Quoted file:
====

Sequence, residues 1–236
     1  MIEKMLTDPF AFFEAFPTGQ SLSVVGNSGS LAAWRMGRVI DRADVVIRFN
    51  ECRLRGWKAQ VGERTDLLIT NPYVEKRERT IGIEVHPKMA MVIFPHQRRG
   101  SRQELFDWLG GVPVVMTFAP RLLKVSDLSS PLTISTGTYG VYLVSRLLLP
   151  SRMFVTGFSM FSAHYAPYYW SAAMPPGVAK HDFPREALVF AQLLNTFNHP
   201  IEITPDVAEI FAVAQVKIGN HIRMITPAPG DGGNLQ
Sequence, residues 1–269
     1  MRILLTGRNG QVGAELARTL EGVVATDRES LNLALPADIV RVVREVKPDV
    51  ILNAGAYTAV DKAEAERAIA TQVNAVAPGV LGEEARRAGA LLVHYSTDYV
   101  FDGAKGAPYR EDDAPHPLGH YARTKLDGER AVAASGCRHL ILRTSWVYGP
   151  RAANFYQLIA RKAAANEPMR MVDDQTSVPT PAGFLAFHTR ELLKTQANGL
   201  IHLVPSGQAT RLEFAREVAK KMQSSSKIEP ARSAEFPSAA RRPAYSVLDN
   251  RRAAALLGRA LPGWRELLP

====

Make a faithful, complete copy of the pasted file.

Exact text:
Sequence, residues 1–236
     1  MIEKMLTDPF AFFEAFPTGQ SLSVVGNSGS LAAWRMGRVI DRADVVIRFN
    51  ECRLRGWKAQ VGERTDLLIT NPYVEKRERT IGIEVHPKMA MVIFPHQRRG
   101  SRQELFDWLG GVPVVMTFAP RLLKVSDLSS PLTISTGTYG VYLVSRLLLP
   151  SRMFVTGFSM FSAHYAPYYW SAAMPPGVAK HDFPREALVF AQLLNTFNHP
   201  IEITPDVAEI FAVAQVKIGN HIRMITPAPG DGGNLQ
Sequence, residues 1–269
     1  MRILLTGRNG QVGAELARTL EGVVATDRES LNLALPADIV RVVREVKPDV
    51  ILNAGAYTAV DKAEAERAIA TQVNAVAPGV LGEEARRAGA LLVHYSTDYV
   101  FDGAKGAPYR EDDAPHPLGH YARTKLDGER AVAASGCRHL ILRTSWVYGP
   151  RAANFYQLIA RKAAANEPMR MVDDQTSVPT PAGFLAFHTR ELLKTQANGL
   201  IHLVPSGQAT RLEFAREVAK KMQSSSKIEP ARSAEFPSAA RRPAYSVLDN
   251  RRAAALLGRA LPGWRELLP